Order Bars Student Tour Operator from Future Travel Fraud

Settlement Resolves Final FTC Case from 1999's "Operation Trip Trap" Enforcement Sweep

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For Release

The Federal Trade Commission today once again reminds students to choose their travel providers carefully and announces it has settled the last case of alleged travel fraud brought through 1999's "Operation Trip Trap" law enforcement sweep. The proposed settlement would bar Cerkvenik-Anderson Travel, Inc. ("CATI"), and its president, Andy Anderson, from misrepresenting a wide range of products and services when advertising, promoting or selling any travel-related packages. The company, which was based in Phoenix, Arizona, marketed student tours to sites in Mexico until declaring bankruptcy last year. Under the proposed settlement announced today, CATI and Anderson would also be required to keep records detailing their compliance with the settlement terms and would be subject to significant civil penalties for future violations.

According to the Commission, Anderson and CATI, doing business as Student Tours, College Tours and Mexico Tours, marketed, sold and operated vacation tours to Mexico for students in high school and college. The defendants violated Section 5 of the FTC Act, the complaint alleges, by misrepresenting to the students and their parents the nature of the vacations they offered, including the quality of hotel accommodations students would receive, the cost and value of various benefits and activities included, and the amount of help they would provide to create a safe environment once the students arrived in Mexico. On December 28, 1999, the District Court in which the complaint was filed entered an agreement between the FTC, CATI and Anderson that was, in effect, a stipulated preliminary injunction that required the defendants to cease making misrepresentations to consumers about their vacation packages and to provide the Commission with a monthly accounting statement demonstrating that the money consumers paid for Spring Break 2000 trips was, in fact, being used to pay for those trips.

Many of the Spring Break 2000 trips were eventually cancelled, leaving some students without trips or refunds. In June of that year, the company filed for Chapter 11 bankruptcy protection, which was later converted into a liquidation under Chapter 7.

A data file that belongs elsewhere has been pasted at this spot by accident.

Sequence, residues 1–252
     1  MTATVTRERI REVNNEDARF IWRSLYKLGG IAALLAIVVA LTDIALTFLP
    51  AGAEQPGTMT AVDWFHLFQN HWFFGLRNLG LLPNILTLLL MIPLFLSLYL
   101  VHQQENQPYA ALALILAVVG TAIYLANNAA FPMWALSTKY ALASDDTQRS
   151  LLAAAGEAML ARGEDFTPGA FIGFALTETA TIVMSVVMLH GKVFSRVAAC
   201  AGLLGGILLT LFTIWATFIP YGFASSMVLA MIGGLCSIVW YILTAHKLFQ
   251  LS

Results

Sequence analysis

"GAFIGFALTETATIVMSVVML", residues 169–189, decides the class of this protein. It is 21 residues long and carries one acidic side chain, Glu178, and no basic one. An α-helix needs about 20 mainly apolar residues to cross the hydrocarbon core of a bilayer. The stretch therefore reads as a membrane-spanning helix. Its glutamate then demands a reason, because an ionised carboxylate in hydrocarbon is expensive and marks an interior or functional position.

Under the terms of the settlement, which must be approved by the Court, CATI and Anderson would be prohibited from misrepresenting, with regard to the advertising, promotion or sale of any type of travel-related product or service, that: 1) consumers will stay at the hotel of their choice or will be placed in a hotel of equal or better quality; 2) the defendants will arrange for consumers to receive certain special benefits and entertainment; and 3) the defendants will provide support, assistance and a safe environment for consumers while in Mexico.

Because CATI has filed for bankruptcy and is no longer operating, the order will not require that the defendants pay consumer redress or disgorgement. However, if in the future CATI or Anderson are found to have misstated their financial condition, the Commission reserves the right to reopen the case and seek such compensation. Finally, the order contains standard monitoring and record-keeping provisions to ensure the defendants' compliance with its terms.

The Commission vote to authorize staff to file the stipulated final judgment was 5-0. The stipulated final judgment was filed in the United States District Court in Phoenix, Arizona, on May 1, 2001. The judgment requires the court's final approval and is not binding until signed by the judge.

NOTE: This stipulated final judgment is for settlement purposes only and does not constitute an admission by the defendants of a law violation. Such judgments have the force of law when signed by the judge.

Copies of the documents mentioned in this release are available from the FTC's Web site at http://www.ftc.gov and also from the FTC's Consumer Response Center, Room 130, 600 Pennsylvania Avenue, N.W., Washington, D.C. 20580. The FTC works for the consumer to prevent fraudulent, deceptive and unfair business practices in the marketplace and to provide information to help consumers spot, stop and avoid them. To file a complaint, or to get free information on any of 150 consumer topics, call toll-free, 1-877-FTC-HELP (1-877-382-4357), or use the online complaint form. The FTC enters Internet, telemarketing, identity theft and other fraud-related complaints into Consumer Sentinel, a secure, online database available to hundreds of civil and criminal law enforcement agencies in the U.S. and abroad.

(FTC File No. X990078)

(Civil Action No. 99-1374 PHX RGS)

Contact Information

Media Contact:
Mitch Katz
Office of Public Affairs
Staff Contact:
Nadine S. Samter
FTC Northwest Region